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This guy made a flying TIE Fighter with an off-the shelf toy and some spare drone parts

Star Wars -- First Order Special Forces TIE Fighter
Ahead of this month’s release of Star Wars: The Force Awakens, an enthusiastic fan has converted a Star Wars Tie fighter toy into a realistic flying model of the Imperial starfighter. The build used only the stock toy, 3D printed mounts, and some spare drone parts that allow the toy vehicle to take flight. The building process is detailed in step-by-step photos on image-sharing site Imgur.

As created by Imgur user woodpiece, the base of the spacecraft is a $169 Star Wars The Black Series First Order Special Forces TIE Fighter. The 6-inch scale model of the starfighter with working cockpit is sold by Hasbro and is designed for kids and kids at heart. The replica is an accurate representation of the Tie Fighters from the movies, but it lacks electronics and is a basic model that adults can put on display or kids can run around with while they pretend to fly like Darth Vader.

Building a flying version of the Tie Fighter was a surprisingly simple job that took advantage of the open cockpit and roomy interior of the larger-sized replica. The first step was the installation of the 250 quad motors and its rotors, which were installed at the front and the back of each Tie Fighter wing. This step required both the removal of the Tie Fighter wings and their wing brackets, which were Dremeled to make room for the long motor sticks that connect the front rotor to the rear rotor. The drone motors were installed using 3D printed mounts, and the wiring was run inside the body and frame of the toy, making for a very clean-looking overhaul. Each wing also was notched to allow the rotors to spin freely.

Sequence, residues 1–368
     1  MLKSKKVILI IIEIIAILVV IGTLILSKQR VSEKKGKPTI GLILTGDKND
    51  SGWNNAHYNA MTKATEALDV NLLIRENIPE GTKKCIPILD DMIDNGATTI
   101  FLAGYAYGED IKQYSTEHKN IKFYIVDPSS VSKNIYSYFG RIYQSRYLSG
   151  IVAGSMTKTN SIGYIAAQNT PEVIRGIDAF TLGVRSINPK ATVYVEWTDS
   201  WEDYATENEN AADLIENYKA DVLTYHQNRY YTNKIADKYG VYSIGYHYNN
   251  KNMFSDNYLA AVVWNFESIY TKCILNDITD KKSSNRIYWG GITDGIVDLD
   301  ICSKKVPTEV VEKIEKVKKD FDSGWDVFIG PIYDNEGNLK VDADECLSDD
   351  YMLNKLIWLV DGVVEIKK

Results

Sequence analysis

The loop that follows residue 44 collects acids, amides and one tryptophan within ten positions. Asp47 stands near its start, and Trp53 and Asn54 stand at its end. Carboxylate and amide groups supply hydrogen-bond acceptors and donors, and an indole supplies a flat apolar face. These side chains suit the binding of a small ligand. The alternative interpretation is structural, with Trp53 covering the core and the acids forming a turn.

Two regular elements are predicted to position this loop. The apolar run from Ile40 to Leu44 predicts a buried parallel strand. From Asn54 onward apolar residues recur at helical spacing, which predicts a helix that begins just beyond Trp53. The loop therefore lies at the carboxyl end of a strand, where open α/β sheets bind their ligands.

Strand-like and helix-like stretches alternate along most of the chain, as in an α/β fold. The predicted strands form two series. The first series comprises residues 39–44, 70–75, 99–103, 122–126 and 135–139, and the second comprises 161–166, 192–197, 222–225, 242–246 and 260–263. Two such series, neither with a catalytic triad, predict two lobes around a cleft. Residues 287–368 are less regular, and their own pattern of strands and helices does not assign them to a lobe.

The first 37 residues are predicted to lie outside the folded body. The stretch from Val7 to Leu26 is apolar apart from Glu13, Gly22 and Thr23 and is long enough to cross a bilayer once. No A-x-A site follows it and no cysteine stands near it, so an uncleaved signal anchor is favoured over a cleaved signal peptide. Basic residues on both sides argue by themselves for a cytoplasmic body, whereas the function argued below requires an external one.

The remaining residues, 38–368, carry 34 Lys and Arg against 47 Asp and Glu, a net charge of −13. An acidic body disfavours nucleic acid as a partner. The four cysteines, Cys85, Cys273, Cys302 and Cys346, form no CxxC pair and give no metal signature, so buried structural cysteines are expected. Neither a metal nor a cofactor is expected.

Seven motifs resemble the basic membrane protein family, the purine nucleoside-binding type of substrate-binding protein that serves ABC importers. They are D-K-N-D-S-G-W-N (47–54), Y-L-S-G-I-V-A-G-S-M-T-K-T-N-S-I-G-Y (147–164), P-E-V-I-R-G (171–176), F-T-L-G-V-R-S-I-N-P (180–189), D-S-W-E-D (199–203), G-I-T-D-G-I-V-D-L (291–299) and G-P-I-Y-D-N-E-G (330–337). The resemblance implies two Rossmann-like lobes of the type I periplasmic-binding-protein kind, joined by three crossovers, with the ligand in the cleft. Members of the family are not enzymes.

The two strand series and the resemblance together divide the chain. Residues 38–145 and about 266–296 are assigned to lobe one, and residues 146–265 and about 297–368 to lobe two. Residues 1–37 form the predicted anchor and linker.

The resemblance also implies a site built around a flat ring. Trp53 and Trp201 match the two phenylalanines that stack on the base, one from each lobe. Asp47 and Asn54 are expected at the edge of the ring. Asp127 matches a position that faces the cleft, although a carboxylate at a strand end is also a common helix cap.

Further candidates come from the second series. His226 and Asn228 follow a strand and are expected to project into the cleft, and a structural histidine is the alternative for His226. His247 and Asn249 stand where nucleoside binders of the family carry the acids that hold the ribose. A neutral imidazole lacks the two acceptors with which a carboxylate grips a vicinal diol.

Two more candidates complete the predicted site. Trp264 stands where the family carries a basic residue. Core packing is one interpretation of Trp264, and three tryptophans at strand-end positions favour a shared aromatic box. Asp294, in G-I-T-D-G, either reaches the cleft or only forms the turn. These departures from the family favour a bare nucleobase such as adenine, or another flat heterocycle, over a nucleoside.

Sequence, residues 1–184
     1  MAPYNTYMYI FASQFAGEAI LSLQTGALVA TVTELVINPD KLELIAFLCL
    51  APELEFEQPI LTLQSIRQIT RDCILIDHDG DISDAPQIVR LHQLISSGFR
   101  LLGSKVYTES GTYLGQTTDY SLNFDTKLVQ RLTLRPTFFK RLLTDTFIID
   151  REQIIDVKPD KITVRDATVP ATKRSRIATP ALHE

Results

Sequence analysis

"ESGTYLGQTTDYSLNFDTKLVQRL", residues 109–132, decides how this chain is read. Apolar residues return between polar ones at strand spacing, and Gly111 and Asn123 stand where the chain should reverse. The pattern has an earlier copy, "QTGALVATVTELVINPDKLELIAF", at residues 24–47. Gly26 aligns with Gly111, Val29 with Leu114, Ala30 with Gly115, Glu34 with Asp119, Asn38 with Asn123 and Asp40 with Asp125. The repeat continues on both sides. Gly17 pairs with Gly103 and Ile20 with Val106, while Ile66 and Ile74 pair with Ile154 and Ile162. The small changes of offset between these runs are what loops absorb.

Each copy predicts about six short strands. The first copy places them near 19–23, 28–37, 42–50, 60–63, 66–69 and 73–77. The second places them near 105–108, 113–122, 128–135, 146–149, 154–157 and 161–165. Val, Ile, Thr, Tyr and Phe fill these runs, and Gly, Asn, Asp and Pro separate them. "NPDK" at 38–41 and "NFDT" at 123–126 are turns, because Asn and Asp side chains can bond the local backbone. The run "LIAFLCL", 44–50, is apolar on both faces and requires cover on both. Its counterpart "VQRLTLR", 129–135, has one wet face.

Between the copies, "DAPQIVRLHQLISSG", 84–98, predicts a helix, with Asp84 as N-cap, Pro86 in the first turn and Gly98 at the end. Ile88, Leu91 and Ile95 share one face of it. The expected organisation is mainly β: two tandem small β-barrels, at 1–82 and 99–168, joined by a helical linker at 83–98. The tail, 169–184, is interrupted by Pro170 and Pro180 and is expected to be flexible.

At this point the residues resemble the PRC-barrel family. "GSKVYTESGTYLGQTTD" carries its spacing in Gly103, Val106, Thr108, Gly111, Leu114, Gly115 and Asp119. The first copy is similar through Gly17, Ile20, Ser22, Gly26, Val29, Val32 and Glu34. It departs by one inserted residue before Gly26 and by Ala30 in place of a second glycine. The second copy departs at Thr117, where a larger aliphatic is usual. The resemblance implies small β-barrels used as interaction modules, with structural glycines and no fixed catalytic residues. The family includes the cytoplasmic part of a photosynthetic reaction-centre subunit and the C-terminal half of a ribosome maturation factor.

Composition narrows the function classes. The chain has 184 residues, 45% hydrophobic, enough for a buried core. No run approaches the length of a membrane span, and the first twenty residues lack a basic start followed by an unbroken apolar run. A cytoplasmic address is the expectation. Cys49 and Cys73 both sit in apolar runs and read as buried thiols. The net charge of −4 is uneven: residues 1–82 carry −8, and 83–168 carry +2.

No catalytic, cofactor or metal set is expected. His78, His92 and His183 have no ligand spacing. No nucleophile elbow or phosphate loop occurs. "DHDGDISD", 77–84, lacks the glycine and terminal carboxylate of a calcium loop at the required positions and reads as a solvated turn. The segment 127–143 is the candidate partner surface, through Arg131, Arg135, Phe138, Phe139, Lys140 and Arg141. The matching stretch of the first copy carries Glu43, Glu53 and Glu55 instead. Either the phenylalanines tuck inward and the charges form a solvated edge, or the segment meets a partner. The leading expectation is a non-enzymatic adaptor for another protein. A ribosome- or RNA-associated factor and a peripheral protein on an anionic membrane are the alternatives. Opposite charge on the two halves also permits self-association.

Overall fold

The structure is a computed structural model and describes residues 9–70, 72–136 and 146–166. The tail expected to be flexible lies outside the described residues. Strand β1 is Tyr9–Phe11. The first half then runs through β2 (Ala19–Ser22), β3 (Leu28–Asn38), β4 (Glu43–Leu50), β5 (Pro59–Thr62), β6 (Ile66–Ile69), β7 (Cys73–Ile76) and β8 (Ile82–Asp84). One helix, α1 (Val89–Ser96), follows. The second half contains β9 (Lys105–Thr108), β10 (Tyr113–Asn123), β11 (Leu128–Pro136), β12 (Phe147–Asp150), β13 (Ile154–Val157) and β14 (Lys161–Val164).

All four rotors were installed in the same square arrangement as a standard quadcopter, making it easy to control the flight of the Tie Fighter model. The flight controller for the drone, a third-party Flip multiwii 1.5, was installed inside the base of the Tie Fighter cockpit, which opens for easy access. Also placed inside the cockpit body were the motor controllers and the drone’s 1000mAh battery. All the components fit comfortably inside the Tie Fighter Model with no additional modifications other than the initial Dremel holes for the motor sticks. The only thing missing from this fantastic mod is a video of the Tie Fighter’s maiden flight — we can only hope the first flight was as good as we imagine it to be.

Kelly Hodgkins
Kelly's been writing online for ten years, working at Gizmodo, TUAW, and BGR among others. Living near the White Mountains of…
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